Junior doctors skeptical about Finance Minister’s promise to pay them

Some junior doctors across the country who have not been paid their salaries for eleven months say they have no faith in the Finance Minister’s assurance that they will be paid in two weeks.

The doctors say their mistrust is foundered on the fact that previous assurances by government yielded no results.

The doctors have been working without salaries although some of them say they have been processed for payment.

They have planned to picket at the offices of the Controller and Accountant General’s Department, beginning Monday, July 27, 2015 until the salaries due them are fully paid.

Commenting on the subject on JOY FM and MultiTV’s News Analysis Programme, Newsfile Finance Minister Seth Terkper said agitated medical doctors may receive their 11 months’ salary arrears in two weeks’ time.

“I can assure them…in two weeks’ time, those whose clearances have been forwarded and awaiting financial credit would be paid,” Seth Terkper said.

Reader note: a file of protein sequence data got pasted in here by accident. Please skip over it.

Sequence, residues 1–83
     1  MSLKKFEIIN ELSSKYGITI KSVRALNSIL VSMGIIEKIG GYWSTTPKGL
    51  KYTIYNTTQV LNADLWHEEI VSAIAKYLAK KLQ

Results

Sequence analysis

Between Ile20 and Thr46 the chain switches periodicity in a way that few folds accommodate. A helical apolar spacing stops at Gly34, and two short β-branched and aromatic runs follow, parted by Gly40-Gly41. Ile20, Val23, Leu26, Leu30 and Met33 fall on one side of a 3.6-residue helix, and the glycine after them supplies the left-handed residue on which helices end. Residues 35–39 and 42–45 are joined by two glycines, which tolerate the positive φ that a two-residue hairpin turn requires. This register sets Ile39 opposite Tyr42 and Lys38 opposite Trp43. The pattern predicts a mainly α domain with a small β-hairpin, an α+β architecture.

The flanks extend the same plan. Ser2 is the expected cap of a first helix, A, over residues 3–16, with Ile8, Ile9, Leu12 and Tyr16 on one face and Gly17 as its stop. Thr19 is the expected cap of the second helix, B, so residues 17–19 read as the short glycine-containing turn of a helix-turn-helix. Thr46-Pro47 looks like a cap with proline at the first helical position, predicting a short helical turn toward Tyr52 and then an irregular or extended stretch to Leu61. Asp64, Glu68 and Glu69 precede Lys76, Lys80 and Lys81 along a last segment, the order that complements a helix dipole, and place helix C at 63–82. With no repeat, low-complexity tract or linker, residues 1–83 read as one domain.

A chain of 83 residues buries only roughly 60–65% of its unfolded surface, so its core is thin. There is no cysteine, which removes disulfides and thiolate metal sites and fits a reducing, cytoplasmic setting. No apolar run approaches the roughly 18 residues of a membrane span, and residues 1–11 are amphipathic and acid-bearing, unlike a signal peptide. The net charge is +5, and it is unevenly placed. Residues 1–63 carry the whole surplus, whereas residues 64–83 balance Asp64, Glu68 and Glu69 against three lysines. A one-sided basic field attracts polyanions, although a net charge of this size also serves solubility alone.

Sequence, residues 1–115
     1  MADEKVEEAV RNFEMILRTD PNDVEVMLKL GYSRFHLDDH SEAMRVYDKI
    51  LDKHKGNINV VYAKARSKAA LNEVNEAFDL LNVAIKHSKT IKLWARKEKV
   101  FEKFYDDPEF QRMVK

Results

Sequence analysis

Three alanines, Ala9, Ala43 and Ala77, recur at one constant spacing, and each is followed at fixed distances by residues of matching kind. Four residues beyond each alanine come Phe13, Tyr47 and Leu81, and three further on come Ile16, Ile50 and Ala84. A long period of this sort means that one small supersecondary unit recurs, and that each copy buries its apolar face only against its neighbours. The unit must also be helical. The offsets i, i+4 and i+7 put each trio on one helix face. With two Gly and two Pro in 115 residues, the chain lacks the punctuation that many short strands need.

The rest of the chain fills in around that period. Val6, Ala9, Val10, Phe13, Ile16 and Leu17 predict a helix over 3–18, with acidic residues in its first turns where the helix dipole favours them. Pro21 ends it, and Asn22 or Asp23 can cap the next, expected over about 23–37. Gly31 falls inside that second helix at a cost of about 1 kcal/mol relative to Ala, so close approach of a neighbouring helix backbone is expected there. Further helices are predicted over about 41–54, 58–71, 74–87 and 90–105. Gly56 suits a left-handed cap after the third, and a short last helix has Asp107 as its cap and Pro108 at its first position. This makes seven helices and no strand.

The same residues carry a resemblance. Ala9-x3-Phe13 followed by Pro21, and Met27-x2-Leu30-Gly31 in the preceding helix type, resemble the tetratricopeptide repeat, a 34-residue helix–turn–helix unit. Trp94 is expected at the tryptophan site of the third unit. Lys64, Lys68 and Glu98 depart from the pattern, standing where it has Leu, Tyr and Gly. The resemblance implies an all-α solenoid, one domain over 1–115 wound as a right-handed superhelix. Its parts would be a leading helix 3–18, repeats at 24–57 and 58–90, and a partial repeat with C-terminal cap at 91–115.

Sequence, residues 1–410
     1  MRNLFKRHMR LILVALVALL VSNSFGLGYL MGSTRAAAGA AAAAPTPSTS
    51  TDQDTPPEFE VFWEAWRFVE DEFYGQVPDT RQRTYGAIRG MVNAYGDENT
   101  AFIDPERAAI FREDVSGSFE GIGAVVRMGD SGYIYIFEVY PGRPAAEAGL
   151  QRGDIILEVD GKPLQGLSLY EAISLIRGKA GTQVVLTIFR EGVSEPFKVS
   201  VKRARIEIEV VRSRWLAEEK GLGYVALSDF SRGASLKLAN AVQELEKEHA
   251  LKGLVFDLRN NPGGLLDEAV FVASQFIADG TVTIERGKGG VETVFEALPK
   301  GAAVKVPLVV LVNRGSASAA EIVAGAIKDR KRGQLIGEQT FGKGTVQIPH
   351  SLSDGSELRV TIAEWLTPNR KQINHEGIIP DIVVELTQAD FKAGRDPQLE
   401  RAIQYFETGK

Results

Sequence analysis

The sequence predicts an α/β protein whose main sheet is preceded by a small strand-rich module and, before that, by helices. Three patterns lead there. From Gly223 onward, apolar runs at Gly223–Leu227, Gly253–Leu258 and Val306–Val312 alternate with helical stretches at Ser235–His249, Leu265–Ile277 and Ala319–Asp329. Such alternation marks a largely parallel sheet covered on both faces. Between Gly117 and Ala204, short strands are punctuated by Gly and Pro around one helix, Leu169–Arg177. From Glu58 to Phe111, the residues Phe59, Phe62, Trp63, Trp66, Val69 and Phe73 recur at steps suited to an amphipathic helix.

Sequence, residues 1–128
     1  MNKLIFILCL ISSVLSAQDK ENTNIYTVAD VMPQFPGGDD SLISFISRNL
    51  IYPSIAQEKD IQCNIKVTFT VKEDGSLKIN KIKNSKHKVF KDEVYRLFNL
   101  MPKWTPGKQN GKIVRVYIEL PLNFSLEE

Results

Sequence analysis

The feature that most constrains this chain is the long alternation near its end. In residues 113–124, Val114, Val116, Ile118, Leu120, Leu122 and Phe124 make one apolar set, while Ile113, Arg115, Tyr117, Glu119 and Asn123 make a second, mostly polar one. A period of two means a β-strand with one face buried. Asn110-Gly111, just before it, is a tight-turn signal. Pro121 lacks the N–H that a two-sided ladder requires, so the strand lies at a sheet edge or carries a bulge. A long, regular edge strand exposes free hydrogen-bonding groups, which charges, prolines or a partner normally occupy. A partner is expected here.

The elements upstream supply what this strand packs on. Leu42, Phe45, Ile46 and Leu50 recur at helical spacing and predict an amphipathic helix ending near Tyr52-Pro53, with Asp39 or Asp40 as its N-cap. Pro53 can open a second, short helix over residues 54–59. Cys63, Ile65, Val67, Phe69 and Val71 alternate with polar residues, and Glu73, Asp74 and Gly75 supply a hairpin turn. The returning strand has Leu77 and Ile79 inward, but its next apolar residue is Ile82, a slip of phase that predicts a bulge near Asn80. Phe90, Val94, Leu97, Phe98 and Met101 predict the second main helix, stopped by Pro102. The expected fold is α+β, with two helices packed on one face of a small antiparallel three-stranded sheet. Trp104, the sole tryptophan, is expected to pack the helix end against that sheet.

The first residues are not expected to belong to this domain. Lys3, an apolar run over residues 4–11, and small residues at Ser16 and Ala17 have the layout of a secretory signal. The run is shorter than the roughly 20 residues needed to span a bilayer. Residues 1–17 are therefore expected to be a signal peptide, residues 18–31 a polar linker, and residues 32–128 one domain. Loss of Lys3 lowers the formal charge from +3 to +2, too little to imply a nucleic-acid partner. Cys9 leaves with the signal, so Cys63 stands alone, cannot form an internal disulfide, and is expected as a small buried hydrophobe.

Explaining the cause of the almost one year delay in the payment of the salaries to the health workers, the Minister said the situation has been caused by the current remuneration system, stressing that there are plans to solve the problem.

He said government has made bold strides in automating all paper applications in the public sector – including those for leave, transfer, payment, employment etc.

According to him, the current system takes 30 months for Ministries, Departments and Agencies to enter the personal data of the young doctors into government’s payroll system.

“The reason being that, once you leave school, and you are posted, you go to your district and you start the application process there. In your district, that paper work – and it is manual – is brought all the way to the region and to the national. Then they are put together and someone has to input them before it interfaces with the payroll. This is what is causing the delay”.

The doctors however remain unconvinced by neither the explanation nor the assurance.

They say in spite of the challenges and cumbersome processes enumerated by Mr Terkper, their colleagues at the Komfo Anokye Teaching Hospital in Kumasi got paid all their salaries.

Two of the 91 doctors rushed to the Joy FM studios to confront the minister with evidence of previous assurance which did not materialize.

They said just as their colleagues at Komfo Anokye, they too can and must be paid without further delay.

The two week period proposed by the finance minister is proposing is simply too far.


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